The skunk was a skunk.
I bought the skunk an apple.
I gave him a saucer of milk.
I offered him my pocket watch.
The skunk did not want any
of these things.
This was ridiculous."
Upon opening this lively story, you might just ask yourself about the skunk. Why is he waiting on the doorstep for the man to come outside? There is no indication that he rang the bell. Present he is, and the tuxedoed man is quite surprised by the turn of affairs. He certainly doesn't want to upset the skunk. He is stealthy in his departure. It takes no time to realize that the skunk is following him. This is one determined skunk.
Down the street, and always aware of the man's efforts to evade, the skunk follows him to a coffee shop, around many corners. The man tries his best to distract the skunk. Nothing works. Into a departing cab, and to the opera where the man is sure he has lost his pursuer. Not at all true! The skunk finds a most pleasant spot to watch the performance. The man leaves quickly with the skunk right behind him - to a Ferris wheel, to an alley, to the sewers, always determined to lose the skunk.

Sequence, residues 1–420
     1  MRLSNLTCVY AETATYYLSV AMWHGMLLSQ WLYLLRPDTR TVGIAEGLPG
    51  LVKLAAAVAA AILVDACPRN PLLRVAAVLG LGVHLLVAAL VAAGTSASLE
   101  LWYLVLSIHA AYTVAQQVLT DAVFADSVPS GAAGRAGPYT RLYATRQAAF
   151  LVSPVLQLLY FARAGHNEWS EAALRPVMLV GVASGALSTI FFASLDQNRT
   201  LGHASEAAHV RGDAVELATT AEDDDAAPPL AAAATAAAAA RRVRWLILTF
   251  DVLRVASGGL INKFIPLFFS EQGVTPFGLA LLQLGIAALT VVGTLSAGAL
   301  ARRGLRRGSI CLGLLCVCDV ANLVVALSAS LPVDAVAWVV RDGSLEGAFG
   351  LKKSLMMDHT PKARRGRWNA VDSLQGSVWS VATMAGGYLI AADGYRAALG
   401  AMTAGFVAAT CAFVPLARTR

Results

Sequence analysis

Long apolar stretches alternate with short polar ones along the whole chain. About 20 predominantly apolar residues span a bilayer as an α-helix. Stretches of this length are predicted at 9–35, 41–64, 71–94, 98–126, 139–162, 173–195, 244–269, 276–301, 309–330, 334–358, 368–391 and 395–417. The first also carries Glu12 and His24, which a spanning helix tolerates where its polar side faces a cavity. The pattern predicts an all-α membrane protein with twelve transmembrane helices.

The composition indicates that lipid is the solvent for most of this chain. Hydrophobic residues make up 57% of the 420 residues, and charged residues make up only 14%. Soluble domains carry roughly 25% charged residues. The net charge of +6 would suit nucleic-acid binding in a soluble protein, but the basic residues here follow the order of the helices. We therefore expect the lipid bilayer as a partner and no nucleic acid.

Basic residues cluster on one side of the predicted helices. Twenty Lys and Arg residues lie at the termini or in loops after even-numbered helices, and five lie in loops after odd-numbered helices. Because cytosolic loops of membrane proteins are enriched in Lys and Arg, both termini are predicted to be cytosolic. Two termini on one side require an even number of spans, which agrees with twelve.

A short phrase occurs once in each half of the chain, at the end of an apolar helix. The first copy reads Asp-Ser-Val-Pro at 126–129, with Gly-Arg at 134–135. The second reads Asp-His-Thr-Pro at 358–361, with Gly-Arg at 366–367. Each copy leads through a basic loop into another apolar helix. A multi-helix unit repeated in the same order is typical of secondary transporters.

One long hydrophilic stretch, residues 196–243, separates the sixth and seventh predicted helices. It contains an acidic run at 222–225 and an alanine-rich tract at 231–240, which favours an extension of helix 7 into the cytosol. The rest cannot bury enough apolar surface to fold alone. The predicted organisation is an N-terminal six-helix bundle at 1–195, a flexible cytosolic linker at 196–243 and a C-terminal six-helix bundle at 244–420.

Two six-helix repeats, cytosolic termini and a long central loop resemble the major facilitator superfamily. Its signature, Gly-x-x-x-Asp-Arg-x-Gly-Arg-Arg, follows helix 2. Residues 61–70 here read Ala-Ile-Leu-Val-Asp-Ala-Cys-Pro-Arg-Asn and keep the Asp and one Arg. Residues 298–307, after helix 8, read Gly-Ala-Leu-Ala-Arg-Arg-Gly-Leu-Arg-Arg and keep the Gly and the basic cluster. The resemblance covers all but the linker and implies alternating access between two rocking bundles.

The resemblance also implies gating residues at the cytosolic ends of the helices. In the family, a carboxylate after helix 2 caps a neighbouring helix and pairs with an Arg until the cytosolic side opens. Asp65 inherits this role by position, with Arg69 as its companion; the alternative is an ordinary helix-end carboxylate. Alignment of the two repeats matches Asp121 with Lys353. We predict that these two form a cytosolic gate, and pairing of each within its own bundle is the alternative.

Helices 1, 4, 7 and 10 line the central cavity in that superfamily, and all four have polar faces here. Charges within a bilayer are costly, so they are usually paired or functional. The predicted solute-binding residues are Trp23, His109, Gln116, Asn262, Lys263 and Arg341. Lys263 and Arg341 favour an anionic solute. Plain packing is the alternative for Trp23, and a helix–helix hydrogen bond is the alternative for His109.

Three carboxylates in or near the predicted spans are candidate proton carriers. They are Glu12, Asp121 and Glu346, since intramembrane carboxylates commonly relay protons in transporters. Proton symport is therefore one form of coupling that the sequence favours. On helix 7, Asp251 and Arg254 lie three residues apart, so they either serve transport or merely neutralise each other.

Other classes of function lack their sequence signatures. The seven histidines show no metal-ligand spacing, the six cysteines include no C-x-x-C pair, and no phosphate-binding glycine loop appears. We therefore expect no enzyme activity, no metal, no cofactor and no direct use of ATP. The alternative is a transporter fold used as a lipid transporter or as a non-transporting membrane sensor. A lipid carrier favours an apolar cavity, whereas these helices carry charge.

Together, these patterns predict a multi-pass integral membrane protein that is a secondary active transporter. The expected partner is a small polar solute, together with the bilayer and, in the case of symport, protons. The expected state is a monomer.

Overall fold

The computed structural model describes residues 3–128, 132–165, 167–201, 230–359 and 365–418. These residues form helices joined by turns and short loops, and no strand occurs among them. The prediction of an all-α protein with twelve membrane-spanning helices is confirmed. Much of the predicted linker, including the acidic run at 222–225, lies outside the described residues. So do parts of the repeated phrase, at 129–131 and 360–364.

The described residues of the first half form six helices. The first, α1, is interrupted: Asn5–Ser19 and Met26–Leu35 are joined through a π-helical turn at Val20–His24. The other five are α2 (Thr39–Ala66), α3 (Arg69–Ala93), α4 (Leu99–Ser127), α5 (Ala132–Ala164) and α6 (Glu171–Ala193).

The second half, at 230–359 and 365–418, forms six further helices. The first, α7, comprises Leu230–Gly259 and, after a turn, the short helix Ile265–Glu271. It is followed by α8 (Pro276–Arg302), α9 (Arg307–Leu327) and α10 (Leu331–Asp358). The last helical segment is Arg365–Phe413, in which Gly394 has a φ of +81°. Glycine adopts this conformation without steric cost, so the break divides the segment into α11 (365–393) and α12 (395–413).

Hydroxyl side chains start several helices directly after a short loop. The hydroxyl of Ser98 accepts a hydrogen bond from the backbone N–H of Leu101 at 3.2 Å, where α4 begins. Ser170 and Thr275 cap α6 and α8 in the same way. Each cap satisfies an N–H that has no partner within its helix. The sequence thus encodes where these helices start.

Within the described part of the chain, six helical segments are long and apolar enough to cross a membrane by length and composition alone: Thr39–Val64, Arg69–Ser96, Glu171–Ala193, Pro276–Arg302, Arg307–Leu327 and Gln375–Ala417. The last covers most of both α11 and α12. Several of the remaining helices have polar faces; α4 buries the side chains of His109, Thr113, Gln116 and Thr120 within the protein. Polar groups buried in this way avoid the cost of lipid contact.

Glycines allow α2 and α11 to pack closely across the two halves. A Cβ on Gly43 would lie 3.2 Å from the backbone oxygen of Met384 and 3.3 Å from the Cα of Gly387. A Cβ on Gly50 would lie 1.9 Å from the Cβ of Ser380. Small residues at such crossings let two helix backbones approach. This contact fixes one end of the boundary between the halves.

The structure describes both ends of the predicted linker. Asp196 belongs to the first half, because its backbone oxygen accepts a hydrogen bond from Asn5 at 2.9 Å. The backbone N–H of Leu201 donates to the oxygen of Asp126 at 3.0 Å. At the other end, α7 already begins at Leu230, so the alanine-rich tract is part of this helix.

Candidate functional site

Upon exiting the sewers, he finds himself in a new area, promptly buys a house and starts all over again. There is no skunk in sight. Can it last? It appears that he has solved his dilemma - until he begins to wonder what the skunk is doing!
Mac Burnett chooses his words carefully and writes a story that moves quickly, and with great panache. I can't wait to share it! Patrick McDonnell matches the humor with exceptional illustrations that hearken back to earlier times. He matches the man's tuxedo and his red bowtie to the skunk's coat and his bright red nose. The first part of the book is done with little color - black, white and gray with splashes of red. Settling in a new house allows for a brand new color palette - primary colors and a circus-like atmosphere. Full of expression and action, kids will enjoy every spread.